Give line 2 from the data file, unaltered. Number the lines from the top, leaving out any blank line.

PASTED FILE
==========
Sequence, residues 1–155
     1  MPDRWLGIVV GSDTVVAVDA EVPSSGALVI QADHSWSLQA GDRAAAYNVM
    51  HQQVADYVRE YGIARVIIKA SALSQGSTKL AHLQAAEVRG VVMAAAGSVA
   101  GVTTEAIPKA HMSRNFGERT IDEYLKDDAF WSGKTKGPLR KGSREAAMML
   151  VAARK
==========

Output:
     1  MPDRWLGIVV GSDTVVAVDA EVPSSGALVI QADHSWSLQA GDRAAAYNVM